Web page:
The Equation

The third element on our pyramid of importance is energy balance. Everything we eat or drink gives us energy in the form of calories. When talking about weight management, we use a straightforward equation;

Calories in – Calories out = Weight

If you eat more calories than you use in a day, you gain weight. If you eat fewer calories than you use in a day, you’ll lose weight. This is called being in a calorie surplus or deficit, and it really is as simple as that.

Calorie balancing

Calories Out

Well, you are now taking part in exercise, that burns calories, right? So why should you have to worry about nutrition, surely now you will be in a calorie deficit. Although this statement is partly true, there are a few other things we need to take into consideration.

Firstly how many days of the week are we actually working out? 3, 4 or maybe 5 max? If we are using exercise to create our calorie deficit, it’s probably not consistent enough throughout the week to be making a huge difference.

Secondly, we tend to overestimate the number of calories we actually burn from exercise on a daily basis.

This diagram shows our Total Daily Energy Expenditure (TDEE) or our calories out per day.

We can see that a whopping 70% of all the calories we burn in a day comes from our Resting Energy Expenditure (REE), or Basal Metabolic Rate (BMR), this is the total amount of calories your body will naturally burn in a day when going through its everyday functions. These include but are not limited to breathing, producing hormones and circulating blood around the body, all things we have little to no control over.

The Breakdown

Around 15% of our TDEE comes from Non-Exercise activity thermogenesis (NEAT). This includes any form of activity that isn’t planned exercise such as cleaning the house, taking the stairs instead of the elevator, taking the dog for a walk etc.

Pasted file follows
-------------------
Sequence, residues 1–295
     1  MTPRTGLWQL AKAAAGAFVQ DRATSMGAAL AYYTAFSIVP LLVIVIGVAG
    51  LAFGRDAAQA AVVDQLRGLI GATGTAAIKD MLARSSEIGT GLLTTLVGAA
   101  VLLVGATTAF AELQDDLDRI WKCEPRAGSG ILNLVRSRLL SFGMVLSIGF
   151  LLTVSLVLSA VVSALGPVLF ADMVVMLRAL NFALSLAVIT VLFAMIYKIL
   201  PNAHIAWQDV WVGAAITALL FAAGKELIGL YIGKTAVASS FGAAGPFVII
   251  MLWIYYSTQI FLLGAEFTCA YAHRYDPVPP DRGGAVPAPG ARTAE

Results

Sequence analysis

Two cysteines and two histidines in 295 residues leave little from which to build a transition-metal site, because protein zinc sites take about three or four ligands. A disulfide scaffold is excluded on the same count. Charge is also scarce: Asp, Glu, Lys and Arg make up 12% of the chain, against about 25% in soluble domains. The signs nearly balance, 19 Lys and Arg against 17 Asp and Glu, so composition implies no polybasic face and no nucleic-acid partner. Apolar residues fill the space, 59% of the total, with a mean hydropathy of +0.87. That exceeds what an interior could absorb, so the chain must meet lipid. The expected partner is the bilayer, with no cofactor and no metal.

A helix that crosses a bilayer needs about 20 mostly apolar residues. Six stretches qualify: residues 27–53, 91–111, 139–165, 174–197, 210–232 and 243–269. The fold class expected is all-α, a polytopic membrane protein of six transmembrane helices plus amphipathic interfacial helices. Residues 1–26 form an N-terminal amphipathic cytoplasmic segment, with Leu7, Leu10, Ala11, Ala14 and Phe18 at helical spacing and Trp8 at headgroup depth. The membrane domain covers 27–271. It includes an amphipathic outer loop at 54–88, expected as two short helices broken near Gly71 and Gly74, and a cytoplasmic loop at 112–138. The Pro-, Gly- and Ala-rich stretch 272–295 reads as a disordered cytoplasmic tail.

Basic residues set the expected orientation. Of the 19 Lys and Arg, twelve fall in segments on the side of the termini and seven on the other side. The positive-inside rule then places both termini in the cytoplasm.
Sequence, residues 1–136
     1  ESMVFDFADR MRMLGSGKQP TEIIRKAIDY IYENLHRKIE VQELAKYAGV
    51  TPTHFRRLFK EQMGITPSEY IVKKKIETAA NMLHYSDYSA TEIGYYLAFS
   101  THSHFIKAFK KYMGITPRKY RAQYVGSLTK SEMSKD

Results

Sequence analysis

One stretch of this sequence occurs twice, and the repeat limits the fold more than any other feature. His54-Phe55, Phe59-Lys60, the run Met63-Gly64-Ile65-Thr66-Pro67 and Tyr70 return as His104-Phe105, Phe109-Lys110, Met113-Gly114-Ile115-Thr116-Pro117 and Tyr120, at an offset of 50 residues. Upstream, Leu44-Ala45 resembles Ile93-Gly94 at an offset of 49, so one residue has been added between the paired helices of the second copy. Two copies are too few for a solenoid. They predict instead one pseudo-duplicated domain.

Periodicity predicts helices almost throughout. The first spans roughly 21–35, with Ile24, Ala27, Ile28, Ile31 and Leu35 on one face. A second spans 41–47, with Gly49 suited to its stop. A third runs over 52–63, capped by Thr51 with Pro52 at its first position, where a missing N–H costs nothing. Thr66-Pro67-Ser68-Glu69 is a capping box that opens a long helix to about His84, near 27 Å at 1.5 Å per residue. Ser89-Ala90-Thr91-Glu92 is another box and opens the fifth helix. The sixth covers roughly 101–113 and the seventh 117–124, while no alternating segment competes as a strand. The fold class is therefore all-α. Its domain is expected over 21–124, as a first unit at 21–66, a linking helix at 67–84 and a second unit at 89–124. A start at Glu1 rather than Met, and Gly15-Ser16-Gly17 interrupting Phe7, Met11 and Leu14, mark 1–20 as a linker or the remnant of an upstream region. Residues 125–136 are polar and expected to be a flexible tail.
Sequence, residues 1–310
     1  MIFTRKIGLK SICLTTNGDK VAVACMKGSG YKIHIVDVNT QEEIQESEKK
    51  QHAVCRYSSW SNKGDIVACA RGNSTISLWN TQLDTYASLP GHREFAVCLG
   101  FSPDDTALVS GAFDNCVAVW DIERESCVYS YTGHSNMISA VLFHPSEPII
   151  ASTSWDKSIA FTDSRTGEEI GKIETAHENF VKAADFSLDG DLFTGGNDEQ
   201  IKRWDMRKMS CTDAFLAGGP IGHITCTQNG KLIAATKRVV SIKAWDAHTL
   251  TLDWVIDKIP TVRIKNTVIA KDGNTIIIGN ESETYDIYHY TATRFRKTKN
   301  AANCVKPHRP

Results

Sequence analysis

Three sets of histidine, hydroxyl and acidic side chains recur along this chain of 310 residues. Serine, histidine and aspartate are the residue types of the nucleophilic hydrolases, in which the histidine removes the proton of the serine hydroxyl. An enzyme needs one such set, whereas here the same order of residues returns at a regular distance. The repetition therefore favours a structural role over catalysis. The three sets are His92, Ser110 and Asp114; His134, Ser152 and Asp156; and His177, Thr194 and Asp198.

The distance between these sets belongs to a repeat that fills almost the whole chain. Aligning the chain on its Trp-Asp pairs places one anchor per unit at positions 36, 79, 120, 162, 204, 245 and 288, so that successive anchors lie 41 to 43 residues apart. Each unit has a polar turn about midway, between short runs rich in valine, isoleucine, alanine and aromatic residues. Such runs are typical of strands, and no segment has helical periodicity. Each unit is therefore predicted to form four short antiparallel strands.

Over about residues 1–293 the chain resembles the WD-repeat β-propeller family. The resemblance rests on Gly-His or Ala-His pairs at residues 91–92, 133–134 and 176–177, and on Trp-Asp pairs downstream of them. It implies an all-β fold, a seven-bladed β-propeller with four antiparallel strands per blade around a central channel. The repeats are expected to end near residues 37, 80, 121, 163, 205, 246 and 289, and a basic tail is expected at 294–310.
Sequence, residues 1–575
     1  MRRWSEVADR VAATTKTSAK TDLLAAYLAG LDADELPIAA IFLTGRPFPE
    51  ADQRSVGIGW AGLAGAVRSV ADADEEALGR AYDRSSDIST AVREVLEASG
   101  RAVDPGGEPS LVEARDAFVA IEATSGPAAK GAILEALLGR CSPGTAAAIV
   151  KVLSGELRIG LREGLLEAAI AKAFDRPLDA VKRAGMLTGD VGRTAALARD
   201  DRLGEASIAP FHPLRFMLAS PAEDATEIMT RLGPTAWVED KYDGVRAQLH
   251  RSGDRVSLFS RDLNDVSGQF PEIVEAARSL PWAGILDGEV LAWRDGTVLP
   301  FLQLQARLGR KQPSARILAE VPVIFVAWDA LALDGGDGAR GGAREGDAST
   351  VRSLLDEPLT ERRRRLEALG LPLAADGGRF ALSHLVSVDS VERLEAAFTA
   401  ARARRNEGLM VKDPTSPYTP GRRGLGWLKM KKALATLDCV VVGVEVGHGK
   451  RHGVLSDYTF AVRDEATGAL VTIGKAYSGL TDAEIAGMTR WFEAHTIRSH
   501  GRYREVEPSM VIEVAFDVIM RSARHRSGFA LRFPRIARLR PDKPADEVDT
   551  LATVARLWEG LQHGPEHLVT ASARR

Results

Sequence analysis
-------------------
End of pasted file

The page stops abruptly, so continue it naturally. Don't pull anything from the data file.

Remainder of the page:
We then use around 10% of TDEE from the Thermic Effect of Food (TEF) or in other words, digesting food. Our final 5% comes from Exercise Activity Thermogenesis (EAT) which is any form of exercise we intentionally partake in. These elements make up the Non-Resting Energy Expenditure (NREE).

In essence, we can see that even if we were to exercise every day, it’s not having as big an effect on our calories out as we thought.

So how can we affect our calories out? Well your BMR is pretty set and won’t change drastically, same with your TEF. NEAT on the other hand is something we can control very easily and has a big impact on our calories out. Try hitting that step goal in a day, stretch and move whilst watching telly, give the house an extra spring clean, do anything you can to stay as active as possible during your day.

Calories In

So far we’ve only talked about one side of that equation. Whether we are looking to lose weight, gain weight or just maintain our weight, the easiest thing we can control is our calories intake. The most effective way of controlling calorie intake is to track them. In the past, this has been a long and tedious process. However, with apps such as ‘MyFitnessPal’ or the NHS ‘Weight Loss’ app, counting calories has never been easier.

The more you track, the better. But this isn’t the only way to reduce your calorie intake. You can try simply reducing your portion size and eating off of smaller plates. And avoiding high calorific drinks and snacks. Read the food labels and make smarter choices.

Now that you know how vital it is to be aware of your energy balance. How many calories should you be dropping when you are looking to lose weight? Commonly 500 cal is recommended as a good starting point, which is actually a considerable amount – that’s pretty much a whole meal. If you immediately drop by that amount of calories, your body will probably adapt very quickly and lose a lot of weight. But you will probably end up very hungry and this will make it harder for you to stick to your calorie deficit, which could lead to putting all the weight back on when you inevitably resort back to eating those extra calories.